Phelps said the pool is almost complete and they are working hard to get the remainder of the project finished. Swimmers are not yet being charged until all work is finished.

“I didn’t think it was appropriate to charge them until everything is completed,” Phelps said.

Sidewalks on Dave Gaskey Lane are completed and have been inspected by an engineer.

Phelps said they are looking at beginning work on Saw Mill Road for the next fiscal year, which will start inJuly.

Mayor Phelps re-appointed Jim McDaniels to the Tourism Board.

The city recently asked Precision Concrete to inspect the sidewalks within a 15-block radius in Butler County. The company found 272 hazards. Of those hazards, 222 of those were found to be repairable. The cost came to $15,066 with an estimated cost savings of about $32,000. The city has money left in their budget and has decided to go ahead and complete sidewalk repairs before the starts of the new fiscal year.

Landfill Discussion: Mayor Phelps began the discussion by explaining that the city started a process over a month ago to create an ordinance in attempt to prevent the landfill. He said he wanted to put their regulations as tight as they could and was looking at an ordinance that would charge half a million dollars for a second landfill to be put in the city. However, due to the landfill plans already pre-existing, there is nothing that can be done to prevent the possibility of the current one at hand.

Mayor Phelps also informed the public that he has been in contact with Judge-Executive Tim Flener, who is also in the process of creating an ordinance and has been working with the state to do everything possible. Phelps told the public that after speaking with the state, he was informed that the county ordinance would supersede anything that the city is doing.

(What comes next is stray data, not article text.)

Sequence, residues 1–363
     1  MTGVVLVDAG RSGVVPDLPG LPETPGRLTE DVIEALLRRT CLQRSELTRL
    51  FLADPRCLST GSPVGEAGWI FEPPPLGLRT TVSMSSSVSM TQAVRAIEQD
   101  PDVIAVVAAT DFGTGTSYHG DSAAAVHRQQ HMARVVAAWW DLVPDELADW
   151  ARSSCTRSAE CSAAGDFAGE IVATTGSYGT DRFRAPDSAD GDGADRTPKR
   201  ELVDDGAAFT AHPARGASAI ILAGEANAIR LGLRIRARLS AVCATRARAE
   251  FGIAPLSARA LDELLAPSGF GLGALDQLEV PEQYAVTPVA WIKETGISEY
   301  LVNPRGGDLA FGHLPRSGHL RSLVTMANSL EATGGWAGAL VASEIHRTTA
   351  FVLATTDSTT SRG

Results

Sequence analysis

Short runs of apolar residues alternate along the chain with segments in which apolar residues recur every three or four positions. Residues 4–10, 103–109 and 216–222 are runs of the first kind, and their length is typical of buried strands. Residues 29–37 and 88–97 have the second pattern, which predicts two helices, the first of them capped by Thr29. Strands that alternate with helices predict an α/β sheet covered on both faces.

Phelps therefore suggested that the city build their ordinance around the county’s to prevent them from hindering their work and allow the city to be a part of the process.

Citizen Osei Thomas proposed an idea for joint zoning with the county and current planning and zoning to eliminate or lessen any future potential costs.

Phelps said that while he cannot guarantee any decisions made on behalf of the county, he would assist them in any way possible regardless of their decision to bring zoning into the county and will continue to work with them and help with the process.

Frank House was also present and spoke on a plan in the works with an attorney that he has recently met with. House said they are in the process of developing a plan and that he would be announcing it in the coming weeks as it becomes more developed.

House also said that his attorney commented on the fact that enacting an ordinance shows their determination to fight regardless of whether their actions will have a direct effect on the current situation. House encouraged all citizens to join together and support the county and city.

City Council Member Dionne Merritt spoke on how the issue hits close to home with her and her family.

“I don’t want my children to permanently leave the county because of this potential landfill,” Merritt said.

“Anything we can do to stop this is on the table,” said City Council Member Sterling White.

House reminded everyone that the city and fiscal court cannot be the only ones taking action and encouraged citizens to do their part.

Many citizens in attendance spoke on the importance of other members of the community needing to do their part to help fight this issue.